The whole thing sounds perilous, but Higgins assures me The Pod is safe, even in its newest iteration: For certain scenes, Higgins can now control 007's Aston entirely remotely, sitting in The Pod at up to 500 meters away. "It's a little disorienting at first, but it works," he says, adding that Craig has learned enough about high-performance driving to "flick the cars around a bit to make things real. You see a lot of Daniel driving, but there are things he can't do, the big handbrake moves or high-speed pursuits."

As for Higgins driving the wheels off of the Aston with his heroic, rally-style countersteers, "My biggest problem is the big wooden steering wheel; there's just very little elbow room."

Higgins is one of 17 drivers here in Italy, from specialized aces like former American open-wheel racer Paul Edwards to top stuntmen "who can drive, ride, fight, fall" or perform martial arts with the best of them. Higgins says that while movie work involves a lot of standing around, there's still adrenaline to be had. "You've got 10 guys coming at you with machine guns," he points out. "You know they're just blanks, but they're bashing off the windshield, and it's surreal."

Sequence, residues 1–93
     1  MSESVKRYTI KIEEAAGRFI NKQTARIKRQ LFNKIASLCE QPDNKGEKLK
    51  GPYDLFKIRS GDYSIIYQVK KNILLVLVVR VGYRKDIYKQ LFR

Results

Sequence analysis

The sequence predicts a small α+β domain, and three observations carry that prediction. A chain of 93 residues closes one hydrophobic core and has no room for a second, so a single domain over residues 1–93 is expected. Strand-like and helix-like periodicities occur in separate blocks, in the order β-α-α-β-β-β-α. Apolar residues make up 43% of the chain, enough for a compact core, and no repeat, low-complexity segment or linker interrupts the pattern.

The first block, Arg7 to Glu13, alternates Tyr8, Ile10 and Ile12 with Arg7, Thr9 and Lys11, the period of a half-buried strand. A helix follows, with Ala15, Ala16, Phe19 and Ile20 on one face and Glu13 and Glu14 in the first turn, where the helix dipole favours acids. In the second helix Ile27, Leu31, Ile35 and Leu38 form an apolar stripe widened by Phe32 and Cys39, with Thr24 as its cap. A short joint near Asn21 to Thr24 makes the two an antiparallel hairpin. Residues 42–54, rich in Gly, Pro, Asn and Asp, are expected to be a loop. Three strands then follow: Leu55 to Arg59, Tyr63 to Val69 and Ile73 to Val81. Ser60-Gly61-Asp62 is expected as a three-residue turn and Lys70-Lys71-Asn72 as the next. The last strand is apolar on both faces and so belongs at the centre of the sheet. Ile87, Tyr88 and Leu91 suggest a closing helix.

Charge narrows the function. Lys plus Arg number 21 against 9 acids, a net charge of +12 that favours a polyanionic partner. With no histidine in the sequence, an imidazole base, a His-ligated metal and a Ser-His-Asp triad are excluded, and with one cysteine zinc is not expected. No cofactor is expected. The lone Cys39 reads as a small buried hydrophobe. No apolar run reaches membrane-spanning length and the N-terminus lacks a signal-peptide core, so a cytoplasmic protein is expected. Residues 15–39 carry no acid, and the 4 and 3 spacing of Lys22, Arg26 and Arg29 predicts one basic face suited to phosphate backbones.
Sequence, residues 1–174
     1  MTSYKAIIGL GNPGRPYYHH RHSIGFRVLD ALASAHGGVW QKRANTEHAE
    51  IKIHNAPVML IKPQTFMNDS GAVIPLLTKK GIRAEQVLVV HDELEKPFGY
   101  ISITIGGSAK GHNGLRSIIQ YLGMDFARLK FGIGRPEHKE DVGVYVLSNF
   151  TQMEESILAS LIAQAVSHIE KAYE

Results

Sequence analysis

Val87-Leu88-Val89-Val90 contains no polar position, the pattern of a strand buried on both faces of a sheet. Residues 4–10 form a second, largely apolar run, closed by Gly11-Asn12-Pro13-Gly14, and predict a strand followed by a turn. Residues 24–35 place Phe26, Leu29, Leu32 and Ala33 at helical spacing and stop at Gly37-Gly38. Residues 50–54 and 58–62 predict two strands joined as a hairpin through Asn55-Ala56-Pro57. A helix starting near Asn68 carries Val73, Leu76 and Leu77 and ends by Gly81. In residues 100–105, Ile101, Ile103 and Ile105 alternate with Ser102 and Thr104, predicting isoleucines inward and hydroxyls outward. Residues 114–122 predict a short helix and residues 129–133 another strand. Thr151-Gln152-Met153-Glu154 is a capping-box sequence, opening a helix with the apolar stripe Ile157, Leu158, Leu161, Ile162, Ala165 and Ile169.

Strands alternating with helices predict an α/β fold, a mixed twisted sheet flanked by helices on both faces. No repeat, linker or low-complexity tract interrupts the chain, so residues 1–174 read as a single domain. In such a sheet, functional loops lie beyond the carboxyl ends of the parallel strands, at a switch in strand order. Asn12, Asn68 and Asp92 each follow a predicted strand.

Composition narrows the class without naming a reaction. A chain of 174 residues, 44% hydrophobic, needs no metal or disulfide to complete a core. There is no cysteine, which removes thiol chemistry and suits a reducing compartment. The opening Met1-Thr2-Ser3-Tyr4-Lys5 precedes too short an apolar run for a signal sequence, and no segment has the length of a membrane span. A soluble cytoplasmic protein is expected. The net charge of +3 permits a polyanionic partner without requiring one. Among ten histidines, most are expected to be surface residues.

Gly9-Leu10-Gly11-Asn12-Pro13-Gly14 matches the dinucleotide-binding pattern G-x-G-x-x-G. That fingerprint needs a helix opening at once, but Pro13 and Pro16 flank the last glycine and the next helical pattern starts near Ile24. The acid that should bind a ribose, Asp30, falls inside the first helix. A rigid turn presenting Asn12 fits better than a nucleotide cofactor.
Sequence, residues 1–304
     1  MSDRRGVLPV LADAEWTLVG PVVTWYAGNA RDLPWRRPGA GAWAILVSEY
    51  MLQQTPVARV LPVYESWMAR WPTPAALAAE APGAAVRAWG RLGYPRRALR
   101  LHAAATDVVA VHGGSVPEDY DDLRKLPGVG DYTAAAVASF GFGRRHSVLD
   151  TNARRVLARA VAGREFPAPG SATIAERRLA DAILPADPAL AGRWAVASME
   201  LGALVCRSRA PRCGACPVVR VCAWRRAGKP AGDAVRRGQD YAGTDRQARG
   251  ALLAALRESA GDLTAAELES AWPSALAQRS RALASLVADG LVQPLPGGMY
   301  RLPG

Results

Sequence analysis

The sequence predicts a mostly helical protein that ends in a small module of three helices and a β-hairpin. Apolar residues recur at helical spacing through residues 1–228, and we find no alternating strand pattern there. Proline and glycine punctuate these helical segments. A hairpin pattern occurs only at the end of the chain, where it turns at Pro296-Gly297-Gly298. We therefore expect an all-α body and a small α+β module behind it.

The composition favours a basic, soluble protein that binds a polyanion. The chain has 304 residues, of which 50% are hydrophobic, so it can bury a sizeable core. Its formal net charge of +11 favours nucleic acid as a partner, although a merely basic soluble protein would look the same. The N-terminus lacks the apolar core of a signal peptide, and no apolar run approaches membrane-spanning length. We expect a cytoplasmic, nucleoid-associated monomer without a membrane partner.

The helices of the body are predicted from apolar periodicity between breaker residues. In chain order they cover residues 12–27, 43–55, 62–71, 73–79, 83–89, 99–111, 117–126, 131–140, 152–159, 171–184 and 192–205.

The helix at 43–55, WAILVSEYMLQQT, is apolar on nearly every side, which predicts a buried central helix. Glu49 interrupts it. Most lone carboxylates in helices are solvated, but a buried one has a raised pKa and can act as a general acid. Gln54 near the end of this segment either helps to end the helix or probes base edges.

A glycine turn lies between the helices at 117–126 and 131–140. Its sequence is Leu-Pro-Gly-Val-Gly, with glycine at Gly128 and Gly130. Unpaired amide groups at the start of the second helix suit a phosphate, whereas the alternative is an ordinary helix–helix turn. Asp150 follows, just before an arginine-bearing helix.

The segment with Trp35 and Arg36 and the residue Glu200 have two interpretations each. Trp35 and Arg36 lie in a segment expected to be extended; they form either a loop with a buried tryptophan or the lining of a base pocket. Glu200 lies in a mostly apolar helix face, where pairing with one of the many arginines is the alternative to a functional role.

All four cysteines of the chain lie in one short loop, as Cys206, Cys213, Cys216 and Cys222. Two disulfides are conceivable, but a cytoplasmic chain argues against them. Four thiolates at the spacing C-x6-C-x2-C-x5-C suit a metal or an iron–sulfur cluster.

And with money and time at a premium, heaven forbid a stunt driver screw up an artfully arranged shot. "It's a different form of pressure than racing," Higgins says. "You've got 200 eyes on you, and repeatability is everything. You want drivers with the ability to be extremely precise. You can have the fastest, most technical driver in the world, but if they don't know how to tell the story in four-seconds flat and to know what the camera is seeing, it won't work."

Chris Courbould knows exactly what that camera sees. The production's special effects supervisor, Courbould has worked on every Bond movie since 1985's "A View to a Kill," along with all three Christopher Nolan Batman films—and has a firm philosophy on what goes into the best action scenes.